Scranton’s economic fortunes followed those of the DL&W and began to decline in the mid-1920s when the demand for anthracite coal started to subside. By the 1930s and 1940s gas and oil were replacing coal as a home and industrial fuel. The DL&W began using diesel locomotives, reducing the need for coal even further. The steam locomotive repair shop in Scranton closed in 1949. Many functions of the yard were shut down in the 1960s after the DL&W merged with its longtime rival, the Erie Railroad, to become the Erie-Lackawanna. The yard was finally closed by Conrail in 1980, following its 1976 acquisition of the Erie-Lackawanna Railroad. Steam-era functions have been restored to allow National Park Service staff to show how it was when railroads ran on steam.
The Leaders of DL&W
Photo Caption: Ironmakers George and Seldon Scranton, founders of the DL&W, believed that railroads were going to revolutionize transportation and become the primary mover of goods and people.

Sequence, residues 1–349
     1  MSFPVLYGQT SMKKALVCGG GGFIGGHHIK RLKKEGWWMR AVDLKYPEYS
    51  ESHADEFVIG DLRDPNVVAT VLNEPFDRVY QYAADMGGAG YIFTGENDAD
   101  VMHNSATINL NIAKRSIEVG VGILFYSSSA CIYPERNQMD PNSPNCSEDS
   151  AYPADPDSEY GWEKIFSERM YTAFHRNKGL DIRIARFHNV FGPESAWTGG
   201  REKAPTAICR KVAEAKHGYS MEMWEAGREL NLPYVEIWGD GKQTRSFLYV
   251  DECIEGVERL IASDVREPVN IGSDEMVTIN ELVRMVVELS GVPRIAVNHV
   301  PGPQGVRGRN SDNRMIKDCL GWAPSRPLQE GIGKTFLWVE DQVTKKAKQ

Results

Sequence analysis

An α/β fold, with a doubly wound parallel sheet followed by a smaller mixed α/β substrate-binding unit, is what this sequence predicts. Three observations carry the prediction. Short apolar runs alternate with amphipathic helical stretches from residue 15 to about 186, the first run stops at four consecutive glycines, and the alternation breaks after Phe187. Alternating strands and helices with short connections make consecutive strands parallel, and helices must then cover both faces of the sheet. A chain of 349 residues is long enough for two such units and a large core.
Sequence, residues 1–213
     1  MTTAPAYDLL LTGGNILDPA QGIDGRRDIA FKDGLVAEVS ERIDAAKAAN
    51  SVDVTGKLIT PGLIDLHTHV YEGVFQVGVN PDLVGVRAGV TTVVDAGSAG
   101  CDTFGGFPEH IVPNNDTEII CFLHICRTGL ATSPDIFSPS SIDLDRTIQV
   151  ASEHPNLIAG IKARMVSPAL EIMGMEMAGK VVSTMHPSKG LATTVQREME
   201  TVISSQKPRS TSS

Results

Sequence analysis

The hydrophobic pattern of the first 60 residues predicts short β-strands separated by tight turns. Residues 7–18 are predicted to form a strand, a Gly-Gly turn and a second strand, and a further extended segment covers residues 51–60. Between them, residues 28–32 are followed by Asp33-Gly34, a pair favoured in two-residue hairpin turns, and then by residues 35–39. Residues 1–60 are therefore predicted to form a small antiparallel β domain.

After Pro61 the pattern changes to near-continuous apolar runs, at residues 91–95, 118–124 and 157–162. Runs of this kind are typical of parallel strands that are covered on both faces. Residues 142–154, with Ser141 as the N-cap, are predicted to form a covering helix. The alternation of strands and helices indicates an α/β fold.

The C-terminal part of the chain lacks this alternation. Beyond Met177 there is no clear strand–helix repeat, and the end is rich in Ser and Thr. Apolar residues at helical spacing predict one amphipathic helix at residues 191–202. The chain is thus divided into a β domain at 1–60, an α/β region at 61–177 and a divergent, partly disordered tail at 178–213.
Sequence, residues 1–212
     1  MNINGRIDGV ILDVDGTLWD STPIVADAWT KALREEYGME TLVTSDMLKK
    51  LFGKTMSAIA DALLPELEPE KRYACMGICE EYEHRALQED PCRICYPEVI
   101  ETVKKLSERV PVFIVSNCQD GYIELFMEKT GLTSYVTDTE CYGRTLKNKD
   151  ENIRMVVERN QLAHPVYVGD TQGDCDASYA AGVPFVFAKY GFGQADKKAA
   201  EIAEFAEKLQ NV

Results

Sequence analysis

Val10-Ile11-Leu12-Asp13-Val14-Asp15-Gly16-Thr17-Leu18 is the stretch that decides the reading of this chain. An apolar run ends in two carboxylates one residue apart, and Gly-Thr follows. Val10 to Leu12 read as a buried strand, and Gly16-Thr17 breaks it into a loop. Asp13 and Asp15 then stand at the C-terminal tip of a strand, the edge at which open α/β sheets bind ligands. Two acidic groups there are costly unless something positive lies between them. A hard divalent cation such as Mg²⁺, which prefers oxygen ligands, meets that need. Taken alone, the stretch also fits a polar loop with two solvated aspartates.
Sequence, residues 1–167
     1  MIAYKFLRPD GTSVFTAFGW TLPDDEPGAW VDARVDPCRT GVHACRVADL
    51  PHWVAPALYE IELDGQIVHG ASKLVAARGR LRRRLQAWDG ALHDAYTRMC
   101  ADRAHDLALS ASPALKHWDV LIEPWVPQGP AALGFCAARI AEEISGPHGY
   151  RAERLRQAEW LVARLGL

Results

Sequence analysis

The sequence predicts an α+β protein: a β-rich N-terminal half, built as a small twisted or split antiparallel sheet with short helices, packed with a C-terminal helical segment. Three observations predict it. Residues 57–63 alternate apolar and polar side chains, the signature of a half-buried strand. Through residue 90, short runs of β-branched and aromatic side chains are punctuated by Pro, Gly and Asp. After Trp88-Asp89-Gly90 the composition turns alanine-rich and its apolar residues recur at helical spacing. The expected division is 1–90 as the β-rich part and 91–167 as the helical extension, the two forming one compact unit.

Black and White Photo Description (side two, top middle): This oval black and white portrait is of a middle-aged George Scranton. He is dressed in formal attire. His prominent feature is his facial hair in the "mutton chops" style (no beard or mustache, but with sideburns extending to his jaw line). He has dark eyes, a broad nose, and high forehead. His written signature is displayed below the portrait.
This oval black and white portrait is of Seldon Scranton who is an older gentleman dressed in formal attire. He has a high forehead, with dark eyes and a broad nose. He parts his hair to the side and has a full beard. His written signature "S.T. Scranton" is displayed below the portrait.